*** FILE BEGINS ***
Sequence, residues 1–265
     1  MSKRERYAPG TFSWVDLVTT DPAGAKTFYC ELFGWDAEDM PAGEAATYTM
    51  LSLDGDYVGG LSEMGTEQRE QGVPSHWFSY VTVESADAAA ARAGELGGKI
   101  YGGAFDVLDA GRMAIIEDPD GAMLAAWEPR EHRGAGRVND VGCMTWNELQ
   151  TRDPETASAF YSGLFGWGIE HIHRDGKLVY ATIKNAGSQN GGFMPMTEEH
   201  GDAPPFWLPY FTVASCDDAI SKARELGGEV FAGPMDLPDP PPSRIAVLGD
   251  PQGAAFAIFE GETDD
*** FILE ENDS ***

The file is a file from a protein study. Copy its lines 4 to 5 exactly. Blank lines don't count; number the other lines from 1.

   101  YGGAFDVLDA GRMAIIEDPD GAMLAAWEPR EHRGAGRVND VGCMTWNELQ
   151  TRDPETASAF YSGLFGWGIE HIHRDGKLVY ATIKNAGSQN GGFMPMTEEH